Again, this is the reigning rushing champion we're talking about, a man who piled up 1,606 yards on the ground for the worst passing team in football last season. But it also took him a whopping 343 carries to get there, and Jones-Drew has a lot of football mileage on his 5-foot-7, 208-pound frame.

Prisco studied tape and agreed with the Jaguars sources, writing that "I think he left yards on the field. He turned many 3-yard gains into 7-yard gains, but also turned potential 20-yard gains into 7-yard gains."

If team brass has any inkling a decline is on the way, the Jags are better off letting the contract play out and re-evaluating matters in 2014. Jones-Drew might call this unfair, but he picked the wrong era to be a star running back in the NFL.

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yeah the jags should cut jones drew and rely on blaine he is the savior of the franchise and indeed the entire nfl he will introduce a new brand of football and it will rule the universe and beyond all the way to where thor is from take that the this is a horrible idea bank brohans from the panhandler nation

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Mularkey: Justin Blackmon 'lost' at times during OTAs

By Marc Sessler

Writer

Jacksonville Jaguars wideout Justin Blackmon -- perhaps as much as any rookie in this year's class outside of a handful of quarterbacks -- is being asked to step in and solve problems for his new team right away. At very least, the expectation is that Blackmon gives quarterback Blaine Gabbert a legitimate weapon to throw to starting Week 1.

History tells us that receivers, however, often struggle in their first season. (Our very own Daniel Jeremiah points out that A.J. Green last season was the first rookie wideout to earn a Pro Bowl bid since Anquan Boldin in 2003.)

Jaguars coach Mike Mularkey has been on the field with Blackmon during the team's OTAs this week and offered an honest assessment of his progress.

"When he knows what he's doing, he's very good," Mularkey told WTEV-TV on Tuesday. "When he doesn't, he's lost."

Mularkey was quick to point out Blackmon could improve by asking more questions of the coaching staff.

"The one thing I tell players the very first day, 'If you're unclear of what to do when you come out of the huddle, please don't go to the line of scrimmage without knowing what to do,' " Mularkey told the team's official site. "That's not a good thing. I would prefer you say, 'Hey, I'm not sure what to do' and ask, so the play doesn't get totally blown out of proportion. ... He's not the only one, but those are things I think he can get better at and he will."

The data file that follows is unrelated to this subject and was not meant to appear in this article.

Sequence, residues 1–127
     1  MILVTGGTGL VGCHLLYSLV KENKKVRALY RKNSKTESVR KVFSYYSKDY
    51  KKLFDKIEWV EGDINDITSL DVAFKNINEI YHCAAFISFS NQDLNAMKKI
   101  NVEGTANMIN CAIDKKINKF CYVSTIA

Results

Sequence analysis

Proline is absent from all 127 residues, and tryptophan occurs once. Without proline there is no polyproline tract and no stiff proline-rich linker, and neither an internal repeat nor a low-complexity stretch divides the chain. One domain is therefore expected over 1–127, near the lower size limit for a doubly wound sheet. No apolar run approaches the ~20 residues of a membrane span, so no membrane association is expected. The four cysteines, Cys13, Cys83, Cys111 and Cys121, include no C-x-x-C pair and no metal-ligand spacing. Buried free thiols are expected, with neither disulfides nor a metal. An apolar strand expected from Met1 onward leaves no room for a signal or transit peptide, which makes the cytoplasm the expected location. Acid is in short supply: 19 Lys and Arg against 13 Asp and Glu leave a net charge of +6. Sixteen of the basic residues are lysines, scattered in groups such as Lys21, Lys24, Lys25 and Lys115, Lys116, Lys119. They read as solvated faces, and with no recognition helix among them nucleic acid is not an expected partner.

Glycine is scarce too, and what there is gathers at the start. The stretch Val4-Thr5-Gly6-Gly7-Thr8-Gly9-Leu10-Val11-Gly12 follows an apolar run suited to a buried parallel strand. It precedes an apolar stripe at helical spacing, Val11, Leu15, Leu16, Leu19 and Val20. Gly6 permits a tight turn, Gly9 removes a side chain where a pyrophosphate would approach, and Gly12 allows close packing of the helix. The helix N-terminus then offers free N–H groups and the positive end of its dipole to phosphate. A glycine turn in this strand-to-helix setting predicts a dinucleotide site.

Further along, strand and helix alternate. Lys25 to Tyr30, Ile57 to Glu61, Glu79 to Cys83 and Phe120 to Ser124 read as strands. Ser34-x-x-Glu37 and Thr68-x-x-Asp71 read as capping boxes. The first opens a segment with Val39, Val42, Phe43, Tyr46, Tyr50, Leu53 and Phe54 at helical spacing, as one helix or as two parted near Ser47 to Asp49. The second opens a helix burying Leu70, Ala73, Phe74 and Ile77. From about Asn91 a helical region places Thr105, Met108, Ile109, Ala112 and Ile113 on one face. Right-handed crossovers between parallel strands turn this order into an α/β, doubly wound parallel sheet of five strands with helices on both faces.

Mularkey acknowledged that "some guys are prideful" and want to believe they can process a new scheme on the fly, but only a handful of first-year pass-catchers have shown that instinct. The reality here in May is that Blackmon is among hundreds of rookies and undrafted free agents being introduced to the pro game.

Jaguars fans can take heart in the fact that in years past, under the old CBA, a player like Blackmon might have been in store for a lengthy, painful holdout that kept him from the team. We aren't seeing that anymore, one beautiful aspect of the new deal. Blackmon will be expected to contribute early to a passing attack already under the microscope.

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A fellow owner just forwarded this to me since I have MJD on my dynasty roster. Seems like pre-pre-season fluff to me unless 27 is the new 30 for RBs. He's no spring chicken, but he averaged almost 4.7yds/carry on a HORRIBLE team that defenses didn't have to have any pass defense for, they could just scream "BOO!" at Gabbert and he'd tuck and fall down.

Let's see where they are in August when they realize they're going to have to protect the QB in order to use their shiny new WR. I hear having a RB who can churn through yards does wonders for that sort of thing.

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A fellow owner just forwarded this to me since I have MJD on my dynasty roster. Seems like pre-pre-season fluff to me unless 27 is the new 30 for RBs. He's no spring chicken, but he averaged almost 4.7yds/carry on a HORRIBLE team that defenses didn't have to have any pass defense for, they could just scream "BOO!" at Gabbert and he'd tuck and fall down.

Let's see where they are in August when they realize they're going to have to protect the QB in order to use their shiny new WR. I hear having a RB who can churn through yards does wonders for that sort of thing.

I agree that MJD has some "wear and tear" so-to-speak and he may be at the time in his career where he will start to "lose a step" - but this strikes me as the Jaguars leaking this out for contract negotiation purposes and to appeal to the fan base so that they don't come across as looking too cheap in how they deal with MJD.

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Khan accuses Jacksonville of violating lease, seeks swift resolution of default claim

Posted by Mike Florio on May 30, 2012, 6:11 PM EDT

Reuters

Uh. Oh.

Jaguars owner Shahid Khan has been unequivocal regarding his desire to keep the team in Jacksonville. He has adopted the city as a home away from home. He has spent on free agents and he plans to spend on improving the team’s facilities. He has donated $1 million to a veteran’s guidance center.